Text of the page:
The FDA‘s Adverse Event Reporting System isn‘t perfect. (I know. It‘s shocking, right?)

    You see, it‘s completely voluntary. It stands to reason there could be more cases linking Actos and cancer that we don't know about.

    For example, say Joe Smith from Indiana began taking Actos in 2004 for diabetes. Then, out of the blue, he got bladder cancer in 2008. Maybe his doctor never thought to connect Actos to his bladder cancer. None of this business about bladder cancer had hit the press yet.

    Now, let's say Joe is one of the lucky ones and went on to survive bladder cancer. He‘s no longer in treatment. Now we know about the Actos and cancer link. But his doctor never reported it to the FDA back in 2008 because back then, no one did.

    Hopefully, this new study will start to spread some awareness. Just don't count on the FDA to move quickly. They have known about the possible link between Actos and bladder cancer for at least a year.

    In fact, last year the FDA began to take a closer look at Actos after receiving early results from a long-term study by Takeda Pharmaceuticals. That study showed patients with the longest exposure (or highest cumulative dose) to Actos had in increased risk of developing bladder cancer.

    It will be interesting to see if TIME or The New York Times follows up on their Actos report, won‘t it?

    (I‘m not holding my breath. Before sending this week‘s GUIDE TO GOOD HEALTH off to my editor, I ran a quick Google search. At that point, The NYT still hadn‘t run anything about the new data linking Actos and cancer. That‘s a full three days after the research hit the newswire. I‘m betting they just let it slip on by.)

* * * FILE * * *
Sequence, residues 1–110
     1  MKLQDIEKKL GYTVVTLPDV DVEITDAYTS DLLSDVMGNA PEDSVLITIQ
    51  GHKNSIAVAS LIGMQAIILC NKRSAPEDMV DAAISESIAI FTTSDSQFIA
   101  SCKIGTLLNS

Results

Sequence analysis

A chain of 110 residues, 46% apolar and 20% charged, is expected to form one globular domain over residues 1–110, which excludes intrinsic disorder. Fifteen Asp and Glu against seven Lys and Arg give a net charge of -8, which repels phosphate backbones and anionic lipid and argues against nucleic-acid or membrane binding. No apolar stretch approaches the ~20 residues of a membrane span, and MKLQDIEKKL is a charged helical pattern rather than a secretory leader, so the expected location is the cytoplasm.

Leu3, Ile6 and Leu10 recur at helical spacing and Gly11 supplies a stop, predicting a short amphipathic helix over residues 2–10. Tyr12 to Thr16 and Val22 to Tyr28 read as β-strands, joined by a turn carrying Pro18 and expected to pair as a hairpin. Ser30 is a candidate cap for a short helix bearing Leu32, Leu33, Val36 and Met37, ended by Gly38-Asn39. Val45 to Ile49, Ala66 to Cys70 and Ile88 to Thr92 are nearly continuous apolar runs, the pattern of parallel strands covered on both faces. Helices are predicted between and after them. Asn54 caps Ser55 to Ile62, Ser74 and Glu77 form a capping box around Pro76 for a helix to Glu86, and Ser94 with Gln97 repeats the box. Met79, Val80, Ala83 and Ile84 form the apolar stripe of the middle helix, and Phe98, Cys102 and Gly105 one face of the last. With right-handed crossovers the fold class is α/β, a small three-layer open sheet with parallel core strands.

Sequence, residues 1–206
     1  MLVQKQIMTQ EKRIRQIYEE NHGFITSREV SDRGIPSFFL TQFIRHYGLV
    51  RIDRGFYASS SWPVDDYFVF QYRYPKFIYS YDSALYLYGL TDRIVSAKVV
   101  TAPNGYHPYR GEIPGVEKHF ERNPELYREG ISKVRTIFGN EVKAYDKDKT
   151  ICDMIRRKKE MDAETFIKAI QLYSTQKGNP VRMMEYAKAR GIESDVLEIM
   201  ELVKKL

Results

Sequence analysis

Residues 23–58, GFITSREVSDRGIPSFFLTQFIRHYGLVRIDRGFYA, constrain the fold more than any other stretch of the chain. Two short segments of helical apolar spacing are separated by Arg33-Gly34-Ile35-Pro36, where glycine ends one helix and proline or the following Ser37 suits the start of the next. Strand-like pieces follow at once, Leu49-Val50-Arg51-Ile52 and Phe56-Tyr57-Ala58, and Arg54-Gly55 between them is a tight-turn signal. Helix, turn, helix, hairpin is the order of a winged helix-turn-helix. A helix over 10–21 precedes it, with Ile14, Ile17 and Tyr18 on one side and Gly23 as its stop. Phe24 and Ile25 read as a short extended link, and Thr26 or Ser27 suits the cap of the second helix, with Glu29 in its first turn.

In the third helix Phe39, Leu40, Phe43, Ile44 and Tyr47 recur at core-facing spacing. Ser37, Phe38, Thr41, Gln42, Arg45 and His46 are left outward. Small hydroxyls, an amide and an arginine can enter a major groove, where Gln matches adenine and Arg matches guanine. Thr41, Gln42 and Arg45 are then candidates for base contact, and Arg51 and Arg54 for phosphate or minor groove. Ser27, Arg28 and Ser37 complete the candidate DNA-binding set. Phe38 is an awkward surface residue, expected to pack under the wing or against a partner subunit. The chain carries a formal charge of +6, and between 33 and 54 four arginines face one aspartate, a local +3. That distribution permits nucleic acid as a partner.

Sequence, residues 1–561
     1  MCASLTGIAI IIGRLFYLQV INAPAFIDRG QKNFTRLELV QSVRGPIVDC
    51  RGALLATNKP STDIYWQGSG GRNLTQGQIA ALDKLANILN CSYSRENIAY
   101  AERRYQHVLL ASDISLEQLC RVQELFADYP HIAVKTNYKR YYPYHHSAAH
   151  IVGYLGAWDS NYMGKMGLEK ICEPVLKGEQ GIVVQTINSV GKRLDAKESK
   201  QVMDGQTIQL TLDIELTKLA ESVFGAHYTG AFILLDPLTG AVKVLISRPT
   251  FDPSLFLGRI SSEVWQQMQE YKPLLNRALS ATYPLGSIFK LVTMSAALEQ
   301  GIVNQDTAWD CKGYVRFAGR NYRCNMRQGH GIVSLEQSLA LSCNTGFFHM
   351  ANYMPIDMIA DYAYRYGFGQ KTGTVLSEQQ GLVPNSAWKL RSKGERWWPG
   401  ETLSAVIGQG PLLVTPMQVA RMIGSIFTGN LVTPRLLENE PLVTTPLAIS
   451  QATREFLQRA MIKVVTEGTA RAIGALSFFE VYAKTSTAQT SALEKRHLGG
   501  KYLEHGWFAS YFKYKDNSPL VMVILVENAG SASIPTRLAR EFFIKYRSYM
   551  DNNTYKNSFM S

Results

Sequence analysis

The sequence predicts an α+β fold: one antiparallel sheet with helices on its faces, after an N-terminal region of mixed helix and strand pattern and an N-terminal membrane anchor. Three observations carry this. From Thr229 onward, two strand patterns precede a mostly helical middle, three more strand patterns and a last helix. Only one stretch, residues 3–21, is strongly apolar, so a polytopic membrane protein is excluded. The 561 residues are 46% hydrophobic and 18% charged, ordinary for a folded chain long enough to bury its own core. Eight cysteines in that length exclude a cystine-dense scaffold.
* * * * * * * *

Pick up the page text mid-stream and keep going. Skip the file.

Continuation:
Well, maybe TIME Magazine will run something in its next issue. After all, the mainstream press is our last unbiased bastion of truth. (Yeah right.)

  2. Manage your blood sugar safely, without Avandia side effects

    Last month, the FDA restricted sales of the diabetes drug Avandia because of Avandia side effects. From now on, you can only get it if you‘ve tried every other drug on the market without success. Or, if you‘re already taking Avandia, you‘ll be allowed to continue to take it as well. (Hopefully, this one doesn‘t apply to you.) But you‘ll have to attest that you understand the serious risks involved...namely that taking Avandia side effects may include increase risk of  having a heart attack and stroke.

    And that risk is nothing to sneeze at. According to a recent New York Times article, "One study estimated that from 1999 to 2009, more than 47,000 people taking Avandia needlessly suffered a heart attack, stroke or heart failure, or died."

    Sensibly, the European Union banned Avandia all together.

    The good news is, in many cases, natural methods can help control your blood sugar. Visit and  search the NorthStar Nutritionals blog and search on blood sugar support and diabetes. You‘ll find numerous articles about how to naturally lower your blood sugar.

    One recent article tells you how men and women with diabetes lowered their fasting blood sugar levels by up to 29 percent in just 40 days without drugs or major changes in their diet. How‘d they do it? Just click here to find out.